How are consumers feeling about the housing market?

June 19, 2018

Many real estate professionals might not find it easy to get the average person's perspective on what today's housing market is like, but understanding that point of view could go a long way toward ensuring they can help clients navigate the buying or selling process.

More than two-thirds of would-be buyers still think now is a good time to make a purchase, and close to 2 in 5 strongly agree that this is the case, according to the latest data from the National Association of Realtors. However, it seems that number may be sliding as summer gets truly underway, in part due to the difficult conditions many shoppers now face when trying to make a purchase. This issue may be particularly true for first-time buyers, as those currently renting are less likely to see the market as being advantageous for them.

A growing dichotomy
Nonetheless, it's expected that sales will remain strong throughout the summer, as prices continue to rise at rates often double historical averages, and rates keep ticking up with the improving economy. NAR Chief Economist Lawrence Yun noted that conditions in today's market can both be discouraging to shoppers because of how much competition most homes are likely to attract, but also spurred on by the prospect of higher costs if they fail to make a purchase in the near future.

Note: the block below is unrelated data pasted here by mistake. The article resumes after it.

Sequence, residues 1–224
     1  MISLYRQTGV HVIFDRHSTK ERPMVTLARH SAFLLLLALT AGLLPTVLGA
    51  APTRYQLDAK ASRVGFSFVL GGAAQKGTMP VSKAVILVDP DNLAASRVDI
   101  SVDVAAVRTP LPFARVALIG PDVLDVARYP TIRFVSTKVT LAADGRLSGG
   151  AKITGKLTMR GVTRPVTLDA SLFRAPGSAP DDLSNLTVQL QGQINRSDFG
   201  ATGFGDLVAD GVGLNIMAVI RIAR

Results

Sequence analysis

Meanwhile, that limited inventory comes despite the fact that 74 percent of all survey respondents say now is a good time to sell, and 42 percent strongly believe so.

A rosier future?
However, it's worth noting that consumers' feelings around all aspects of home purchasing is getting particularly strong, according to the latest Fannie Mae Home Purchase Sentiment Index. In May, that index hit the highest point ever observed, rising beyond April's previous all-time record high. For instance, more sellers now think it's a good time to put their homes on the market - 46 percent, up from 32 percent in May 2017 - and expectations for higher home prices and mortgage rates are starting to even out or even decline.

Likewise, more respondents said they were starting to enjoy higher incomes versus where they were a year ago, and a growing number feel better about their ability to hold their jobs going forward, which may bolster confidence in their ability to buy going forward. However, here too there is a little more reticence about the market from current renters, and other Fannie data shows lenders think interest among shoppers could flatten in the coming months.

When agents have a good idea of where would-be buyers stand with respect to the current market conditions and what that could mean for shoppers' flexibility to buy, they are far more likely to help ferry clients through the real estate sales process as quickly and easily as possible. That, in turn, can help them continue to grow their base of satisfied former clients who can provide positive word of mouth on an ongoing basis.